MELTON, CHIEF JUSTICE.
case stems from a dispute between James and Mary Hanham,
homeowners within the St. Marlo subdivision, and Access
Management Group L.P., the management agent for the St. Marlo
Homeowner's Association. In 2011, the Hanhams filed
claims for trespass, nuisance, negligence, invasion of
privacy and breach of contract against their neighbor Marie
Berthe-Narchet ("Narchet"), her landscaper
GreenMaster Landscaping Service, Inc., and Access Management
in response to a landscaping project on Narchet's
property that resulted in flooding to the Hanhams'
property and restricted their view of the golf course. During
a 2016 jury trial, Access Management moved for a directed
verdict on the negligence and breach of contract claims; the
trial court denied both motions. The jury subsequently found
in favor of the Hanhams, and Access Management appealed to
the Court of Appeals, alleging, among other things, that the
trial court erred in denying its motion for a directed
verdict as to the Hanhams' breach of contract claim. The
Court of Appeals agreed and reversed the jury's judgment
as to that claim. See Access Mgmt. Grp., L.P. v.
Hanham, 345 Ga.App. 130 (812 S.E.2d 509) (2018).
Thereafter, we granted certiorari to decide whether the Court
of Appeals erred in reversing the trial court's denial of
Access Management's motion for a directed verdict as to
the Hanhams' breach of contract claim. For the reasons
stated below, we conclude that the Court of Appeals'
decision was in error, and we, therefore, reverse the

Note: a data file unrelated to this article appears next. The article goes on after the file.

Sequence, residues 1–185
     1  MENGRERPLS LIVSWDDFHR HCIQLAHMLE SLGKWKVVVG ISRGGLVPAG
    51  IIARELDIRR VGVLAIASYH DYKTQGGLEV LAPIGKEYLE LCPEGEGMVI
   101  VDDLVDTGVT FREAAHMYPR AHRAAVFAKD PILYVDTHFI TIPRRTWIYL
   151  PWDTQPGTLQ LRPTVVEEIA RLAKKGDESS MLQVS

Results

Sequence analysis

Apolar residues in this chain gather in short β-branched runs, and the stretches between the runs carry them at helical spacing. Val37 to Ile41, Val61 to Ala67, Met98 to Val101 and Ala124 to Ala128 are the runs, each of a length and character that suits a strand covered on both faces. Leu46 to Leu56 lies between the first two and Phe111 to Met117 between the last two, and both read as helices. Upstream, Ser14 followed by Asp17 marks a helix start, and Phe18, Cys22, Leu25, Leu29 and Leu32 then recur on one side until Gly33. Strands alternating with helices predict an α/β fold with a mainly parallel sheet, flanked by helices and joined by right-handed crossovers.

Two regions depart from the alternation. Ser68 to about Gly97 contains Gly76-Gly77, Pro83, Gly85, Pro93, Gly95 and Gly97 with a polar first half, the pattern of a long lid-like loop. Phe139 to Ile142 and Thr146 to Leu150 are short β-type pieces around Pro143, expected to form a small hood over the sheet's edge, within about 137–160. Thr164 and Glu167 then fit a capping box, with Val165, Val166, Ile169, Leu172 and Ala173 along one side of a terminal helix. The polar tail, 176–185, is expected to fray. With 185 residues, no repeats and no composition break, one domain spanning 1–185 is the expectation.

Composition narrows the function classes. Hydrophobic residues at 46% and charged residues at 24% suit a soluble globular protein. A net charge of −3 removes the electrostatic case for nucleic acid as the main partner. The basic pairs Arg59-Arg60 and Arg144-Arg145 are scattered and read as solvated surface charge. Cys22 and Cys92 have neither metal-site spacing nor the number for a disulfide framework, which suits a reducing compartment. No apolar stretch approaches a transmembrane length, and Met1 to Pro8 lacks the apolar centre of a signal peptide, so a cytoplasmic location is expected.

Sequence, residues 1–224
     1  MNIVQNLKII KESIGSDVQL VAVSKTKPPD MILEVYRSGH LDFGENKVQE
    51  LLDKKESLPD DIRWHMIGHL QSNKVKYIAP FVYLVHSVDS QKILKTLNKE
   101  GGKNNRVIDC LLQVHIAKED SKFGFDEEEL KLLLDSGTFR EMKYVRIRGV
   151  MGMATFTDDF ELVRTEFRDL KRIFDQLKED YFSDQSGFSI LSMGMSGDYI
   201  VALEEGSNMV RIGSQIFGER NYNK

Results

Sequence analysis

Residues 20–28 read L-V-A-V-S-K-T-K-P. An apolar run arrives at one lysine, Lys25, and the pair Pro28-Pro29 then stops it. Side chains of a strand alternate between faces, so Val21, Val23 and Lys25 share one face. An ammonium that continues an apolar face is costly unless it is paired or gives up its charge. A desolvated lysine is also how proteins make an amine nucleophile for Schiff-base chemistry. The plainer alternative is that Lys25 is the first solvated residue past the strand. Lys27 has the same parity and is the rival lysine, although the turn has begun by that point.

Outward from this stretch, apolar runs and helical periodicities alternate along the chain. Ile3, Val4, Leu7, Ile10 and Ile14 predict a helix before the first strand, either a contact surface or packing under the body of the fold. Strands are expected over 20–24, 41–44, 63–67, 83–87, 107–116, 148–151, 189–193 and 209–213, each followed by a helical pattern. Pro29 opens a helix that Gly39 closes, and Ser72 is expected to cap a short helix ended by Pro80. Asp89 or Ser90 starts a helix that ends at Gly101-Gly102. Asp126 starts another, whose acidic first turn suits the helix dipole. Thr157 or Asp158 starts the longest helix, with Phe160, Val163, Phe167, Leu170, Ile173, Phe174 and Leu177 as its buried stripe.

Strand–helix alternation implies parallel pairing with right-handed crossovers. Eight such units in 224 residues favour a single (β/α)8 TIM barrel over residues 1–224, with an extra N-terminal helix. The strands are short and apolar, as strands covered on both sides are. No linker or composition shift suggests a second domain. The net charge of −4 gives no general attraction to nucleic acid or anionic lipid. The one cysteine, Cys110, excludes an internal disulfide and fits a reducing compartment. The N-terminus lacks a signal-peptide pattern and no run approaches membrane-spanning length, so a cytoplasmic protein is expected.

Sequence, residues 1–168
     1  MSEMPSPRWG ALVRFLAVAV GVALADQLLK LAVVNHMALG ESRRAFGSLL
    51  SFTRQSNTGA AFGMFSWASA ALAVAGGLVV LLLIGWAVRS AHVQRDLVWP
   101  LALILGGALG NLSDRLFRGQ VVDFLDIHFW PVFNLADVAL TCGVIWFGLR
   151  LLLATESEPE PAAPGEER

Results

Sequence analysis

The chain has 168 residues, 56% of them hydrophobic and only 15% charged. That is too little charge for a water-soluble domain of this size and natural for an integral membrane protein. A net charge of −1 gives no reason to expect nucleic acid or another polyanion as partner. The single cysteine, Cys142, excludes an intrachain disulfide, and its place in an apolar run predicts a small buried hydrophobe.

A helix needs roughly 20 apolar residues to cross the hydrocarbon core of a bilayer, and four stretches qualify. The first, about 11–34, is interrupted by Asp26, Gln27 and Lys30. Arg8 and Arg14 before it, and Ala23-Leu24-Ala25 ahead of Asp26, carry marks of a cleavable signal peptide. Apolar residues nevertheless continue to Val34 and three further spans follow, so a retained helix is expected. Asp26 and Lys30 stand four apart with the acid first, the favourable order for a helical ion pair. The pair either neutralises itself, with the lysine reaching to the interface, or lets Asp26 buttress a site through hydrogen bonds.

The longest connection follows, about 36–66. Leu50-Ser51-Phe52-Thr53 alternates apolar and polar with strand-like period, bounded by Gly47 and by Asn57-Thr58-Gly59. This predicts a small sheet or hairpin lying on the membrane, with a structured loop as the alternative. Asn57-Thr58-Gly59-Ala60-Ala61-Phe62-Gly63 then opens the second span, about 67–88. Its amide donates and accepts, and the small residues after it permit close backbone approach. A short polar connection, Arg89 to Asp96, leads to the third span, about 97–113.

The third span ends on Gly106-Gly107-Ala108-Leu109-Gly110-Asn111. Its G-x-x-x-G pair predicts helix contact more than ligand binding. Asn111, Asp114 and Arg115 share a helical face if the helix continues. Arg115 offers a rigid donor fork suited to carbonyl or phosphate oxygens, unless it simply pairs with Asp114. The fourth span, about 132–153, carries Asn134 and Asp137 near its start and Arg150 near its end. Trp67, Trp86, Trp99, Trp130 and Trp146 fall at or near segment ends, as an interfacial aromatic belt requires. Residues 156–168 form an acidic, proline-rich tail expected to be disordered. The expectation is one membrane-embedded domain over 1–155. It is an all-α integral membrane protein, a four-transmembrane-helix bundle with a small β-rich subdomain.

judgment below as it pertains to the breach of contract
claim, vacate the final division of the Court of Appeals'
opinion, and remand the case to the Court of Appeals for
record shows that the residents of the St. Marlo neighborhood
in Forsyth County are governed by a Declaration of Covenants,
which authorized the St. Marlo Homeowner's Association to
delegate the management of its affairs to a third party.
Based upon that authority, the association hired Access
Management as the community management agent for the St.
management agreement between Access Management and St. Marlo
required that Access Management "[o]perate and maintain
the Development according to the highest standards achievable
consistent with the overall plan of the association or as
directed by the Board of Directors . . . ." Further, as
recounted by the Court of Appeals, though the management
agreement stated that Access Management's duties were
limited to the neighborhood's common areas, evidence at
trial established that Access Management, with the St.
Marlo's knowledge, went outside these responsibilities by
managing the homeowner application process for landscaping
modifications submitted to the association's
architectural control committee. These expanded
responsibilities included collecting project information,
reviewing it for compliance with the association's
architectural standards manual, and then forwarding the
application to the architectural committee for review and